Protocol (HIP) [RFC7401].  This RR allows a HIP node to store in the
   DNS its Host Identity (HI), the public component of the node public-
   private key pair; its Host Identity Tag (HIT), a truncated hash of
   its HI; and the domain names of its rendezvous servers (RVSs)
   [RFC8004].

   Currently, most of the Internet applications that need to communicate
   with a remote host first translate a domain name (often obtained via
   user input) into one or more IP addresses.  This step occurs prior to
   communication with the remote host and relies on a DNS lookup.

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   With HIP, IP addresses are intended to be used mostly for on-the-wire
   communication between end hosts, while most Upper Layer Protocols
   (ULPs) and applications use HIs or HITs instead (ICMP might be an
   example of a ULP not using them).  Consequently, we need a means to
   translate a domain name into an HI.  Using the DNS for this
   translation is pretty straightforward: We define a HIP RR.  Upon
   query by an application or ULP for a name-to-IP-address lookup, the
   resolver would then additionally perform a name-to-HI lookup and use
   it to construct the resulting HI-to-IP-address mapping (which is
   internal to the HIP layer).  The HIP layer uses the HI-to-IP-address
   mapping to translate HIs and HITs into IP addresses, and vice versa.

   The HIP specification [RFC7401] specifies the HIP base exchange
   between a HIP Initiator and a HIP Responder based on a four-way
   handshake involving a total of four HIP packets (I1, R1, I2, and R2).
   Since the HIP packets contain both the Initiator and the Responder
   HIT, the Initiator needs to have knowledge of the Responder's HI and
   HIT prior to initiating the base exchange by sending an I1 packet.

   The HIP Rendezvous Extension [RFC8004] allows a HIP node to be
   reached via the IP address(es) of a third party, the node's RVS.  An
   Initiator willing to establish a HIP association with a Responder
   served by an RVS would typically initiate a HIP base exchange by
   sending the I1 packet initiating the exchange towards the RVS IP
   address rather than towards the Responder IP address.  Consequently,
   we need a means to find the name of an RVS for a given host name.

   This document introduces the HIP DNS RR to store the RVS, HI, and HIT
   information.

2.  Conventions Used in This Document

   The key words "MUST", "MUST NOT", "REQUIRED", "SHALL", "SHALL NOT",
   "SHOULD", "SHOULD NOT", "RECOMMENDED", "MAY", and "OPTIONAL" in this
   document are to be interpreted as described in RFC 2119 [RFC2119].

3.  Usage Scenarios

   In this section, we briefly introduce a number of usage scenarios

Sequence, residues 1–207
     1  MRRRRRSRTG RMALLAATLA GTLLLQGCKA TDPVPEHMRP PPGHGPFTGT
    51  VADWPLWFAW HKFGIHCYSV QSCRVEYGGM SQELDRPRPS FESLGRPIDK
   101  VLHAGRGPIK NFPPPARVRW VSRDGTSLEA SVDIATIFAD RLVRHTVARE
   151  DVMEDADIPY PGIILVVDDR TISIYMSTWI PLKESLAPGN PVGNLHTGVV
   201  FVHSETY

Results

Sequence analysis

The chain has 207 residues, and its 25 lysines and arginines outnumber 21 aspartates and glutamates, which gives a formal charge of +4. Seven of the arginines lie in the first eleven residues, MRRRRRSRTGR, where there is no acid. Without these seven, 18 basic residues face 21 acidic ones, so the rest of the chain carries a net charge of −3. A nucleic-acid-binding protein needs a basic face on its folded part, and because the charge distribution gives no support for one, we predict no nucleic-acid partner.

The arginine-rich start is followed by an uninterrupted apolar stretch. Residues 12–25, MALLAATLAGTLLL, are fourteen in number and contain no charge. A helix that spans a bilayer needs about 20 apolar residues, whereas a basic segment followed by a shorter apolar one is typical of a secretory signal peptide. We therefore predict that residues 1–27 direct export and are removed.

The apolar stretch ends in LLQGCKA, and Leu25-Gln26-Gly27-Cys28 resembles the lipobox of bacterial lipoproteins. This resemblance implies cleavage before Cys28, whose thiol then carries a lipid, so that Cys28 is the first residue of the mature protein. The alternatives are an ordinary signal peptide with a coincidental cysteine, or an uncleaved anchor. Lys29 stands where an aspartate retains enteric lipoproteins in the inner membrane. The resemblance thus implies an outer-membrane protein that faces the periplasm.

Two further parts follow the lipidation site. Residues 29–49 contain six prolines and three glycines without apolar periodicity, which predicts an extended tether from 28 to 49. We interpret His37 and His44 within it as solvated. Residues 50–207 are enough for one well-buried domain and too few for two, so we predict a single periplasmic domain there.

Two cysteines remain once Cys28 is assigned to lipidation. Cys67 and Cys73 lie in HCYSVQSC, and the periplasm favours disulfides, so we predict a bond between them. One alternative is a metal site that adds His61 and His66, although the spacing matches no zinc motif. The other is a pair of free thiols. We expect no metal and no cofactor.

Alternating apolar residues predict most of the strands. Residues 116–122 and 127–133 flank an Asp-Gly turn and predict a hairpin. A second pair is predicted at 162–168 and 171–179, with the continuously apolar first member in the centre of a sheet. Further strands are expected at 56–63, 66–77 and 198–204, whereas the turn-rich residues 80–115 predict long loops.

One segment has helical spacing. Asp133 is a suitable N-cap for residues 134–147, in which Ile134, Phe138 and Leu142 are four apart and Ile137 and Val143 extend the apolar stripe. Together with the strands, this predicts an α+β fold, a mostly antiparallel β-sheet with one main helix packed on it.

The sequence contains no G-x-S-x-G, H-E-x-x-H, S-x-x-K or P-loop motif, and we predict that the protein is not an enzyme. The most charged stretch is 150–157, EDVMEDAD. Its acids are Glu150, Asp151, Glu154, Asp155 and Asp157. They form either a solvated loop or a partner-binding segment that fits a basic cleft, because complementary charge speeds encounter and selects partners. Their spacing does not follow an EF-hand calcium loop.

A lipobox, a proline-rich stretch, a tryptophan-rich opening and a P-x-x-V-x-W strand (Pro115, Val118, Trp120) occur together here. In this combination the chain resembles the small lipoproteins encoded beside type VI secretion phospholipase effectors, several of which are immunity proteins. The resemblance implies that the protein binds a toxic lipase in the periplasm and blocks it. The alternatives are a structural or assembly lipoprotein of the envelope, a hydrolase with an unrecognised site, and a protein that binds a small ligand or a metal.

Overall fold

where the DNS is useful with HIP.

   With HIP, most applications and ULPs are unaware of the IP addresses
   used to carry packets on the wire.  Consequently, a HIP node could
   take advantage of having multiple IP addresses for failover,
   redundancy, mobility, or renumbering, in a manner that is transparent
   to most ULPs and applications (because they are bound to HIs; hence,
   they are agnostic to these IP address changes).

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   In these situations, for a node to be reachable by reference to its
   Fully Qualified Domain Name (FQDN), the following information should
   be stored in the DNS:

   o  A set of IP addresses via A [RFC1035] and AAAA [RFC3596] Resource
      Record Sets (RRSets) [RFC2181].

   o  An HI, a HIT, and possibly a set of RVSs through HIP RRs.

   The HIP RR is class independent.

   When a HIP node wants to initiate communication with another HIP
   node, it first needs to perform a HIP base exchange to set up a HIP
   association towards its peer.  Although such an exchange can be
   initiated opportunistically, i.e., without prior knowledge of the
   Responder's HI, by doing so both nodes knowingly risk
   man-in-the-middle (MitM) attacks on the HIP exchange.  To prevent
   these attacks, it is recommended that the Initiator first obtains the
   HI of the Responder and then initiates the exchange.  This can be
   done, for example, through manual configuration or DNS lookups.
   Hence, a HIP RR is introduced.

   When a HIP node is frequently changing its IP address(es), the
   natural DNS latency for propagating changes may prevent it from
   publishing its new IP address(es) in the DNS.  For solving this
   problem, the HIP Architecture [RFC4423] introduces RVSs [RFC8004].  A
   HIP host uses an RVS as a rendezvous point to maintain reachability
   with possible HIP Initiators while moving [RFC5206].  Such a HIP node